PHL 2000 12-12-12 Thoughts on Prostitution Throughout modern day society, the action of prostitution is often seen as debatable with respect to different ethical issues. Prostitution can be defined as “The act or practice of engaging in sexual intercourse for money,” and is usually provided as an underground service. Although the practice is illegal in most places, it actually becomes a “viable” job source for many women. The majority of prostitutes are female, mainly from the nature of the job; however men do become prostitutes on occasion. Prostitution raises many ethical issues from it being immoral because it tends to involve coercion, prostitution can be exploitive, it is degrading and involves violence/HIV.
I assume crack or cocaine by their demeanor. But why does prostitution have to be a drug driven need for money? If this woman could work as a prostitute legitimately and have the same benefits and right as everyone else, would she be in the same condition she is now? If prostitution were legal this woman could have a chance at living as a regular functioning member of society. People see only the negative sides of prostitution, like how it encourages sex out of wedlock
Summary Since the mid-1980s, the debate about how to address prostitution legally has become a subject of legislative action Some countries in Europe, most notably the Netherlands and Germany among others, have legalized and/or decriminalized systems of prostitution, which includes decriminalizing pimps, brothels and buyers, also known as “customers or johns” Other governments, such as Thailand, legally prohibit prostitution activities and enterprises but in reality tolerate brothels and the buying of women for commercial sexual exploitation, especially in its sex tourism industry. Sweden, has taken a different legal approach --penalizing the buyers while at the same time decriminalizing the women in prostitution. This article offers ten arguments for not legalizing prostitution. These arguments apply to all state-sponsored forms of prostitution, including but not limited to full-scale legalization of brothels and pimping, decriminalization of the sex industry, regulating prostitution by laws such as registering or mandating health checks for women in prostitution, or any system in which prostitution is recognized as “sex work” or advocated as an employment choice. This essay reviews the ways in which legitimating prostitution as work makes the harm of prostitution to women invisible, expands the sex industry, and does not empower the women in prostitution.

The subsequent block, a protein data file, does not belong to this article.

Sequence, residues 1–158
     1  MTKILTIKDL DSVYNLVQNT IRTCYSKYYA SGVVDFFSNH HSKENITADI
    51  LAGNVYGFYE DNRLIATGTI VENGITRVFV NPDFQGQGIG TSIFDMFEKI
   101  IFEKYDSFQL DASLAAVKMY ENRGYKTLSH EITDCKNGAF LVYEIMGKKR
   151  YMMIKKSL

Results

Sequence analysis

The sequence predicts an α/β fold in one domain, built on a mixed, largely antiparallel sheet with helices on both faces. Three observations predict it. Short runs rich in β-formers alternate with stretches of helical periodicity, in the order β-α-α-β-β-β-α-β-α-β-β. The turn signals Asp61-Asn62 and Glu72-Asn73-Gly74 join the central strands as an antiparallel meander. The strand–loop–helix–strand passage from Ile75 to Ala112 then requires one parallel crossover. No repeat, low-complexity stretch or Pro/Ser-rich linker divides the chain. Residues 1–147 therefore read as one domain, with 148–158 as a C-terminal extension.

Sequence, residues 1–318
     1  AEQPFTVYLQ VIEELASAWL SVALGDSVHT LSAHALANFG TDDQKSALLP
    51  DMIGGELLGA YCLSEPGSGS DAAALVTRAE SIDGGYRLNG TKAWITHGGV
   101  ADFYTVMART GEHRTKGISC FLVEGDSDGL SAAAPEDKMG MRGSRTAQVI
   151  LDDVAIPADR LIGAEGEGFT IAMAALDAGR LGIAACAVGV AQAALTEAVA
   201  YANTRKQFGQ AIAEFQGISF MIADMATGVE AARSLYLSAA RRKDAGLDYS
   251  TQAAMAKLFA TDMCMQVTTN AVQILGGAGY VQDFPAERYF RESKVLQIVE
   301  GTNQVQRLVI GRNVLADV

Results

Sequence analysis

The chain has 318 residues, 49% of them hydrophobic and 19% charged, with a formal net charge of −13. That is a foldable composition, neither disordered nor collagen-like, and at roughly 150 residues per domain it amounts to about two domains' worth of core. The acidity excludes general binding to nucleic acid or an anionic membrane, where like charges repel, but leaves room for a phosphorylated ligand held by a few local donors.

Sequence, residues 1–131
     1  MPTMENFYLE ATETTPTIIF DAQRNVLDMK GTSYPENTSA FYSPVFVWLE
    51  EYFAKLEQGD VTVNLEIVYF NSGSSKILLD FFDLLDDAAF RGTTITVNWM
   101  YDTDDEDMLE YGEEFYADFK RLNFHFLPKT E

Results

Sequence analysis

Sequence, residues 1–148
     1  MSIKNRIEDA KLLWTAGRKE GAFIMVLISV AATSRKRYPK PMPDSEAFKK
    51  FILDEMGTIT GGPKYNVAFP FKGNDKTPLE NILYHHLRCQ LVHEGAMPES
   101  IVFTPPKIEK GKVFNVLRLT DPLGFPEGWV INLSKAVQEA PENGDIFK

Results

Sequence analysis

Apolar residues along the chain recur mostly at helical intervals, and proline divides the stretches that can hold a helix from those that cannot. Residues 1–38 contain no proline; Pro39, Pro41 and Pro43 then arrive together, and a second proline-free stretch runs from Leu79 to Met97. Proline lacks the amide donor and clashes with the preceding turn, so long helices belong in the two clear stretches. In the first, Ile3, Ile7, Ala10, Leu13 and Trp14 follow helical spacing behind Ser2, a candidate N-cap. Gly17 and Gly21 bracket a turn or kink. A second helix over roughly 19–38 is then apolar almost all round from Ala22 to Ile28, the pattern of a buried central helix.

To fully, explore, understand, and comment upon this socially unaccepted activity; however, one must first define both what it is and what it is not. Prostitution is a form of sex work – this referring to a section of industry in which individuals are paid for services in which sexual commerce is exchanged for profit or temporary goods (shelter, food, protection). This definition of sex work therefore including professions such as pornographic actors/ actresses, page 3 girls etc., due to the sexual nature of the services required to receive payment in these positions (Merriam-Webster, 2011). These services however, have become legitimised by regulations and laws – the Sexual Offences Act 2003 prohibits topless modelling or pornographic images or movies to include individuals below the age of 18; the same can be said for pole dancers and strippers within licenced premises, as well as stripper-grams or Kiss – a – grams. The line between these legalised activities and prostitution although increasingly narrow –has been previously established due to the above professions and activities already presiding within a structured legal framework.